When Eastern State Penitentiary opened for historic tours in the 1990s, staff were faced with the monumental task of stabilizing the building. Over many years, numerous trees were cut down and tons of building detritus were removed to clear the corridors and make the site accessible.
It’s National Library Week! Every April since 1958, the American Library Association has encouraged people across the country to celebrate our nation’s libraries and the contributions of library workers.
Want to support Philadelphia arts and culture this holiday season and pick up some unique gifts for everyone on your list? Look no further! Museum stores are a great place to find that perfect present and make a difference at the same time.
June 19, 2020 marks the 155-year anniversary of Juneteenth—a holiday commemorating the abolition of slavery in the state of Texas, which effectively emancipated the last remaining enslaved people in the United States. But the vestiges of slavery continue to ripple through our country.
Like many people, my plans changed pretty drastically due to COVID-19. In March, I was entering my final semester as a graduate public history student at Villanova University. I planned on finishing my program with an internship this summer.
People from all over the world come to visit Eastern State Penitentiary. Most are excited to get a look at Al Capone’s Cell, learn about the penitentiary’s history, and gaze at the site’s impressive architecture. What they don’t expect to see is an historic mugshot of a four-legged friend.
One of the things Liz Trumbull likes best about Eastern State is the way the building itself tells visitors about its past. She says that since Eastern State is a stabilized ruin, you can “look at a wall and read what happened.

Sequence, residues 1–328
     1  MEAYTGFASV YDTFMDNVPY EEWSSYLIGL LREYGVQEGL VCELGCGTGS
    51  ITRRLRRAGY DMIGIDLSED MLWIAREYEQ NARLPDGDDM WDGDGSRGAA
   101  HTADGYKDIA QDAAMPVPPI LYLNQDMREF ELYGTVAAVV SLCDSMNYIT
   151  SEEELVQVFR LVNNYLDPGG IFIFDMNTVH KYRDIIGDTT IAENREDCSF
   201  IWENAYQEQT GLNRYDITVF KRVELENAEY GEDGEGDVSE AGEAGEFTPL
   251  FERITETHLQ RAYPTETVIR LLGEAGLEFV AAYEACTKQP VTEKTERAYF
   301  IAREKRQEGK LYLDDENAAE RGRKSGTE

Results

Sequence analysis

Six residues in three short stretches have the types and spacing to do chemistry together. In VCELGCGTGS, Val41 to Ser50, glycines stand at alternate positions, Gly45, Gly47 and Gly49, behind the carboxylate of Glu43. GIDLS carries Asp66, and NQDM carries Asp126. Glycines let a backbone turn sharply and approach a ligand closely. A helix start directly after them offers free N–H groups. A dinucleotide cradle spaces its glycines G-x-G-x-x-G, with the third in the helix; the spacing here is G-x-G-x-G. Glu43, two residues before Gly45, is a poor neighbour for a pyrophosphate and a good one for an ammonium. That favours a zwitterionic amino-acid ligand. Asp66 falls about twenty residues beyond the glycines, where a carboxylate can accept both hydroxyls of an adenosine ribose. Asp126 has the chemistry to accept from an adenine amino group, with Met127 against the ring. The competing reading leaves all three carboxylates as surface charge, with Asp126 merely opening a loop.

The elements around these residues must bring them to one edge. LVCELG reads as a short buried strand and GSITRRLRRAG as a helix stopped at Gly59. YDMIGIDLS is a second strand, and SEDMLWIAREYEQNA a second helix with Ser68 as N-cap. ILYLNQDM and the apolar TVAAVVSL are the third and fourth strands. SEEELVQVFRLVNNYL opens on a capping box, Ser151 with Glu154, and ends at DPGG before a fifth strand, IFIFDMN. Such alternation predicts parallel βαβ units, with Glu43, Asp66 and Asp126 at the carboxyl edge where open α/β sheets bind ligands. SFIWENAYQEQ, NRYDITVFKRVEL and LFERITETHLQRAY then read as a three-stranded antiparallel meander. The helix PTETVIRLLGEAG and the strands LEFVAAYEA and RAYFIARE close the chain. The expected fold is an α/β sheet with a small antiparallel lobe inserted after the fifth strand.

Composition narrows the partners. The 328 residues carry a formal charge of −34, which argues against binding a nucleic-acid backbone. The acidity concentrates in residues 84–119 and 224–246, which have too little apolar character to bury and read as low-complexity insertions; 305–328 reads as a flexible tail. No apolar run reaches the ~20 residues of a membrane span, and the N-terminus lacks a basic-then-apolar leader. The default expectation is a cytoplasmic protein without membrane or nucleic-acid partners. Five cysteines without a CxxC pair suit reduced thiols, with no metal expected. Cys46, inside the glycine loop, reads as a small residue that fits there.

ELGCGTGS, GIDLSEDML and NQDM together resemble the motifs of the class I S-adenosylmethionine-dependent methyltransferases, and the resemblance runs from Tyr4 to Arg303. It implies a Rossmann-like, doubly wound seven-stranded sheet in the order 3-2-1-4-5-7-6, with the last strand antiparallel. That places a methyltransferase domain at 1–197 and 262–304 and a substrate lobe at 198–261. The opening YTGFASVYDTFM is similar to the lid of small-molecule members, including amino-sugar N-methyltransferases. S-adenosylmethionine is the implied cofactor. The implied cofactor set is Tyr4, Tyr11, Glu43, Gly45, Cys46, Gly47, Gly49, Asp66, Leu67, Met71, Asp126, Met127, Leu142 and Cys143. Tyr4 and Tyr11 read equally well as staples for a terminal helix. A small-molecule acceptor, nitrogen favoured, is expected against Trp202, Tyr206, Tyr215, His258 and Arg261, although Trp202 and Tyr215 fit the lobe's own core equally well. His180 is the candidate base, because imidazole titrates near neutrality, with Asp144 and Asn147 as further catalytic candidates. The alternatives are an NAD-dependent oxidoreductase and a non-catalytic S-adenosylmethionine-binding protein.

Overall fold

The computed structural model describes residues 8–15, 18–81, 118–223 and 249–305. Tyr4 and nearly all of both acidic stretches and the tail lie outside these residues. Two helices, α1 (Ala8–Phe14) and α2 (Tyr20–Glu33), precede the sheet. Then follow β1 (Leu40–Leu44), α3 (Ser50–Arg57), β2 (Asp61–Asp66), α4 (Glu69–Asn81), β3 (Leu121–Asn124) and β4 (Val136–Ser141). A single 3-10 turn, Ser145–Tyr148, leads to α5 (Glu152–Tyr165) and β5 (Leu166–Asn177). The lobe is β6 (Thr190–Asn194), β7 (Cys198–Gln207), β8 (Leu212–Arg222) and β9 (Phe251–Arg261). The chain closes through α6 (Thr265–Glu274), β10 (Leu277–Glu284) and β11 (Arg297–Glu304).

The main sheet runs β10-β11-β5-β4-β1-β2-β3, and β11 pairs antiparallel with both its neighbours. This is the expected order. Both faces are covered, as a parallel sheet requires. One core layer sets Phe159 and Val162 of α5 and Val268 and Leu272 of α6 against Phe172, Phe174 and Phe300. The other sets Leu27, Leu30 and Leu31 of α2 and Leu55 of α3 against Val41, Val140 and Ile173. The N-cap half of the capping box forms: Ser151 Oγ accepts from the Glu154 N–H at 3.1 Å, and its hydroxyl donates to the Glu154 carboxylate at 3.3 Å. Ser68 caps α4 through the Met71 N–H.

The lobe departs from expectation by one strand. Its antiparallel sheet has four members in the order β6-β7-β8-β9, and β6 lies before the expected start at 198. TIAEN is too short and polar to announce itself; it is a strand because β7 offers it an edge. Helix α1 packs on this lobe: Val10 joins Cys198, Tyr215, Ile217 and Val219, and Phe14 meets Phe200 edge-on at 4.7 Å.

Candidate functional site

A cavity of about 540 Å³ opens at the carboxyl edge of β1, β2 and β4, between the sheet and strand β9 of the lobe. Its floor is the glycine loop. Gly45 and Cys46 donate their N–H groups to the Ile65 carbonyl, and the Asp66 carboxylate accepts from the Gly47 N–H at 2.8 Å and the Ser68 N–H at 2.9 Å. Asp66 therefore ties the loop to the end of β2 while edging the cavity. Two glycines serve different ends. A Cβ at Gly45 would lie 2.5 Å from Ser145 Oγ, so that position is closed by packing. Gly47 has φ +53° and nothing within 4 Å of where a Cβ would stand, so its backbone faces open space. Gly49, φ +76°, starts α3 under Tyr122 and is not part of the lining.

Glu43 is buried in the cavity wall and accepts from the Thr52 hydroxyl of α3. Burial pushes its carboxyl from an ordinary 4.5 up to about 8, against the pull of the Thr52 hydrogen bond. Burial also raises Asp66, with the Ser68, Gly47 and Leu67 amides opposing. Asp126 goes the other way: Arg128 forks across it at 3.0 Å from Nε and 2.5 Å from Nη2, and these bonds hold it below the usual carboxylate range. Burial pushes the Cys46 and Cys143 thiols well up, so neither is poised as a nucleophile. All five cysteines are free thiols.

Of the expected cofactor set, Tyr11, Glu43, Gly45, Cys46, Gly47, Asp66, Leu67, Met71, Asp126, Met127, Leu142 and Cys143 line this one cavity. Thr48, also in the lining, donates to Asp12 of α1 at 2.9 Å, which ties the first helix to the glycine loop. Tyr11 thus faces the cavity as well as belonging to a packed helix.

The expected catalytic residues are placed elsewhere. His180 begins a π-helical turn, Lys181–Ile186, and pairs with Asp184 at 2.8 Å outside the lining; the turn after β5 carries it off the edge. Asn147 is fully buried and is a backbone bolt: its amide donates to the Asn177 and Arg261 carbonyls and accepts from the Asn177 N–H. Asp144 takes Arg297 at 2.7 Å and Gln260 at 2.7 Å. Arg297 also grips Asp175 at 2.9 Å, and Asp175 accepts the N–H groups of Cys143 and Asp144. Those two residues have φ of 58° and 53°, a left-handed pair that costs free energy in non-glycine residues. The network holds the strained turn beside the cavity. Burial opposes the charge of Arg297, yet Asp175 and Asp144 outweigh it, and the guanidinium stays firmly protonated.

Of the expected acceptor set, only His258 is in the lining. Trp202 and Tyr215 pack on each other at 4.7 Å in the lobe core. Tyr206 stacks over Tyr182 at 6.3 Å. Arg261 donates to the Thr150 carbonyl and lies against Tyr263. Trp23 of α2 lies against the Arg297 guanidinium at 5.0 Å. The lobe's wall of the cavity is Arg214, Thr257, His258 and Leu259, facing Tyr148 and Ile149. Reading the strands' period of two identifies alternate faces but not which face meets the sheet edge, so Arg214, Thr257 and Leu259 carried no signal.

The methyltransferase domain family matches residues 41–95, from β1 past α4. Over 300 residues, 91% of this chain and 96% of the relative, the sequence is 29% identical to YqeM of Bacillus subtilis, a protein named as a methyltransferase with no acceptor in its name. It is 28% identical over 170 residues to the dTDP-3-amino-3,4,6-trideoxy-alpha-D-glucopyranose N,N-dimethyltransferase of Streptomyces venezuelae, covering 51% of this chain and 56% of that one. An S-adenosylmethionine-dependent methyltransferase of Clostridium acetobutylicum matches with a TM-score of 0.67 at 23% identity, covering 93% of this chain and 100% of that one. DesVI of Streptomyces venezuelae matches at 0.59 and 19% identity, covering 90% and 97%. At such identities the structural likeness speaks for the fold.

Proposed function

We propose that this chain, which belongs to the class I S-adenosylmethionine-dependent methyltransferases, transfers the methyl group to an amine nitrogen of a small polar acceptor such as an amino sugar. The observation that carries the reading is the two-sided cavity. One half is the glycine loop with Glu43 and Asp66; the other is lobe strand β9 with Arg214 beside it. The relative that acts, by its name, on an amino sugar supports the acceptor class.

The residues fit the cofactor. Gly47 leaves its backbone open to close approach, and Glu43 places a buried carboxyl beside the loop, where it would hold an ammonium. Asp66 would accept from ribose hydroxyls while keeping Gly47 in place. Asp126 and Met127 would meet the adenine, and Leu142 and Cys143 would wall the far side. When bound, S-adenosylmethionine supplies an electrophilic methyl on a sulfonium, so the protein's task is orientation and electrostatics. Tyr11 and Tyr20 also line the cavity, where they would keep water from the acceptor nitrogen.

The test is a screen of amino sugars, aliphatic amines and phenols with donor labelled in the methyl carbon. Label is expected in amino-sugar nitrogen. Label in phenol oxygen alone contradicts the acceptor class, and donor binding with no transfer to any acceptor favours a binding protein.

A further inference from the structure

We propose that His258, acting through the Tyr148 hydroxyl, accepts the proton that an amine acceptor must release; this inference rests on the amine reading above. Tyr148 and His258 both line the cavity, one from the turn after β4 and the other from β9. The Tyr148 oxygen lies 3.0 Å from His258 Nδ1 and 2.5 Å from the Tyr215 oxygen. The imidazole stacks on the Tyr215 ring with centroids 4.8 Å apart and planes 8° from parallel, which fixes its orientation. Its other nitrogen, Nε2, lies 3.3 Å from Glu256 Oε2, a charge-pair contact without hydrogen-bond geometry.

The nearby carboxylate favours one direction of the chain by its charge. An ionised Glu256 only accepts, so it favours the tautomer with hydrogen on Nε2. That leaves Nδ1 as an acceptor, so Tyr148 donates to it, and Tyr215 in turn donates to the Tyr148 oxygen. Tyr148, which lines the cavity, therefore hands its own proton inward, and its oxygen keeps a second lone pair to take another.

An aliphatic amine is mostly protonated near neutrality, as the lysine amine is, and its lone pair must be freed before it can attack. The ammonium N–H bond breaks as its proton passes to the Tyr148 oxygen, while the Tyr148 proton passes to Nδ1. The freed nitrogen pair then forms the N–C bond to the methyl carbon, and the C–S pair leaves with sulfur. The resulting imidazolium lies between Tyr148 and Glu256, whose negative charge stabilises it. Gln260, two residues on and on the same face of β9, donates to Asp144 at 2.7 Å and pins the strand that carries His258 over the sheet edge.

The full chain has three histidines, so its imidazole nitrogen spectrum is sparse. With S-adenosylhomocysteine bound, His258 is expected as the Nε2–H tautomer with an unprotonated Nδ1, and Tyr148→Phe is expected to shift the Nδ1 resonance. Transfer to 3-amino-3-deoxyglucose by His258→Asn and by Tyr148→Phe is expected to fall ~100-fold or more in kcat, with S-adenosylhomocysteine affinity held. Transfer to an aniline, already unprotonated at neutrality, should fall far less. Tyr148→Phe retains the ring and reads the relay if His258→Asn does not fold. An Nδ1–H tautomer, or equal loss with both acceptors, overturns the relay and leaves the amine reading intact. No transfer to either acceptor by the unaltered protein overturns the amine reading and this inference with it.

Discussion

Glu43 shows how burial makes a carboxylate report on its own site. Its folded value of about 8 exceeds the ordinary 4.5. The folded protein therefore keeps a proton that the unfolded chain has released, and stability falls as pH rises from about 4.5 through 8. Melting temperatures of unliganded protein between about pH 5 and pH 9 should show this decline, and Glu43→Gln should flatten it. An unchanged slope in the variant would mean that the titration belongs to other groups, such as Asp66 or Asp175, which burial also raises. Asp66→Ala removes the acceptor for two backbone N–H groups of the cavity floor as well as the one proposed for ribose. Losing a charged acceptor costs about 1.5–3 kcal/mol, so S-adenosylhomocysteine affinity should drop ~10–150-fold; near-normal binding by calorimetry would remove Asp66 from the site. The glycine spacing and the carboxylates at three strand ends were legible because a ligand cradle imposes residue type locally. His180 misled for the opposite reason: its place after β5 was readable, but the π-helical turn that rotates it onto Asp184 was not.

Every year for the past two decades, Eastern State Penitentiary has hosted a fascinating gathering of “alumni.” One Saturday each spring, former prisoners, guards, and staff members return to the site to share their memories of living and working behind Eastern State’s walls.
Editors’ Note: Today’s guest blogger is Taylor Bagwell, a student at Christopher Newport University in Newport News, VA. Taylor is double majoring in American Studies and Finance and enjoys being a sister of Alpha Delta Pi. She and her professor, Jonathan W.
For most people, December 31 is a day spent with loved ones counting down the last minutes of another year – reminiscing about days past and sharing wishes for the months ahead. Ringing in the New Year from a prison cell, like celebrating any holiday while incarcerated, is a dismal prospect.
"The whole room was suffused in the glow of a desk lamp which stood on a polished desk.... On the once-grim walls of the penal chamber hung tasteful paintings, and the strains of a waltz were being emitted by a powerful cabinet radio receiver of handsome design and fine finish..."
Everyone has a story. The stories we tell others and the stories told about us make a lasting impact. Rob Rosa, an Eastern State Board member since 2015, believes that if his story can touch even one person, then it is worth sharing.
Editors’ Note: Today’s guest blogger is Taylor Bagwell, a student at Christopher Newport University in Newport News, VA. Taylor is double majoring in American Studies and Finance and enjoys being a sister of Alpha Delta Pi.
Members submitted a diverse array of photographs for the annual Members Photo Contest. Visitors to Eastern State Penitentiary viewed the display of photographs all weekend-long on Saturday, November 11 and Sunday, November 12 and voted for their favorite Black and White as well as Color entry.
Like hordes of other American pop culture consumers, I’m watching—and loving—the Netflix series Orange Is the New Black. The show, set at a minimum security women’s prison, explores the daily struggles of a diverse cast of female inmates, as well as their keepers.